20 09 2008

I was allergic to peanuts back before it was popular to be allergic to peanuts.  These days it seems like everyone is allergic to peanuts.  There’s warnings on everything, school lunch programs are afraid of getting sued over having peanuts on the menu and kids are making the news for killing their significant others with peanut kisses of death.  Back in my youth there were no peanut-free lunch programs, there were no special peanut-free Mars bars or granola bars and when I was really young they didn’t even have the “may contain traces of peanuts” disclaimers in the product ingredient lists (which I usually just ignored anyway).  

After a couple of close calls with peanuts as a very young child, I became an expert at avoiding them everywhere.  I suffered the disappointment of knowing that half of the chocolate bars at the store were always off-limits.  Halloween was particularly painful; my dad and siblings would divide up all my peanutty treasure between themselves as I watched with envy.  I became the annoying person at parties that would have to track down each questionable treat’s creator to verify its peanut content.  Most of the time, though, when in doubt, I just didn’t eat it.  The tan color of peanut butter became a warning sign to me along with its unmistakable scent, which, because it had been connected with death in my mind for so long, always made me a little nauseous.  

And yet, peanuts were regularly consumed in my home.  My dad could not eat pancakes without peanut butter, nor could he do a road trip without a bag of peanuts to keep him occupied, and my mother loved her peanut butter toast.  Cruel you say?  It wasn’t so bad.  In fact, I think that it made me even more vigilant and probably saved me from many other close calls.  We had the rule in my house that you always used a separate knife for the peanut butter.  (And I would also like to point out that, during my high schools days, at my good friend Makea’s house, they set aside an entire 5 gallon bucket of honey that you could not contaminate with peanut butter, just for me.  I love the Lowry’s)  And peanutty baked goods were basically never made at my house.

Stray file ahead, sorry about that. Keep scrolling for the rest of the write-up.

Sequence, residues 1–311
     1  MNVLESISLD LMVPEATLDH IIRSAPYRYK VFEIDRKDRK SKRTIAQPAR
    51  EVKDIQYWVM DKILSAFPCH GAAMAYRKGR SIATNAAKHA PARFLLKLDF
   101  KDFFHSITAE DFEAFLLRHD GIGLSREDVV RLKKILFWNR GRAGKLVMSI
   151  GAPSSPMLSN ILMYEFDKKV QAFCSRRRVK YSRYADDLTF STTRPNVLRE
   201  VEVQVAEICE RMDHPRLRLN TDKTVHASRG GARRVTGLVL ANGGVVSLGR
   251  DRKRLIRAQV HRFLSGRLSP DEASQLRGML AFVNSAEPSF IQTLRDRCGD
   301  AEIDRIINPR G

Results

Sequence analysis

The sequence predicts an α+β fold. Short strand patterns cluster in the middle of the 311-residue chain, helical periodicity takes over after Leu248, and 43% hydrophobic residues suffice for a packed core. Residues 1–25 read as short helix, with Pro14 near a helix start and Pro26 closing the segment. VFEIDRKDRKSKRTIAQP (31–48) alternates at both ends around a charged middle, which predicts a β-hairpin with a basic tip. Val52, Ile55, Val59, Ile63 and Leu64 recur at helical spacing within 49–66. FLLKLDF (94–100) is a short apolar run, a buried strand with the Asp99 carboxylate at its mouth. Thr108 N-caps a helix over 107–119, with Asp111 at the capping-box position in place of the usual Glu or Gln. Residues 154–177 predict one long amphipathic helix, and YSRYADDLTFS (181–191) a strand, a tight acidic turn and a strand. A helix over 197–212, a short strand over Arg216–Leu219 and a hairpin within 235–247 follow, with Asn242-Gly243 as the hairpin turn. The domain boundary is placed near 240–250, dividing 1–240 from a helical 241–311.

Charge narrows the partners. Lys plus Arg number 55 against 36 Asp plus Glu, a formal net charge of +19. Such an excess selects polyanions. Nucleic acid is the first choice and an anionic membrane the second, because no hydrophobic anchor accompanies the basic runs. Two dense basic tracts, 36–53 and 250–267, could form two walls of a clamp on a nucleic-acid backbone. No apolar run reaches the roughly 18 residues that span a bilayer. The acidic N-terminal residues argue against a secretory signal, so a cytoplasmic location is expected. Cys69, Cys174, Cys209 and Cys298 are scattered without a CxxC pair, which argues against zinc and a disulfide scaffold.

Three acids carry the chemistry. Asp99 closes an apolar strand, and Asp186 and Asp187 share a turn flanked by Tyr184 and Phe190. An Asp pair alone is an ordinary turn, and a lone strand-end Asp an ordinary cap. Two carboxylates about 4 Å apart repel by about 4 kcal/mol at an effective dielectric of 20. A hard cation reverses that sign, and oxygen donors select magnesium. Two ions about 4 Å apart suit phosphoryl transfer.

But I think my vigilance has waned a little since those days.  In the beginning, death was always the looming consequence of any lapse in attention; so I did pretty well at paying attention.  But then, starting with my mission, I’ve had an increasing number of close calls, none of which have resulted in death, and each of which have caused me to lower my guard a little, which has then led to more contact with peanuts.  In my



first area on my mission, while I was still learning the language and becoming acquainted with the culture and the cuisine, I scarfed down a meal that was made for us by one of the members in the area.  It was mole (not the animal; it’s a mexican dish).  And after dinner my companion was asking the sister how she made it, and she was listing off the ingredients, most of which I didn’t understand, until she got to ‘cacahuates’, which is spanish for peanuts, and which was one of the first words I learned in spanish.  At that point I started freaking out a little bit.  My heart started racing and I probably looked like a scared little child, but nothing happened and I survived another day.  But I always attributed it to the fact that God didn’t want one of his missionaries kicking the bucket quite yet, so that one incident didn’t give me the courage to want to tempt fate again.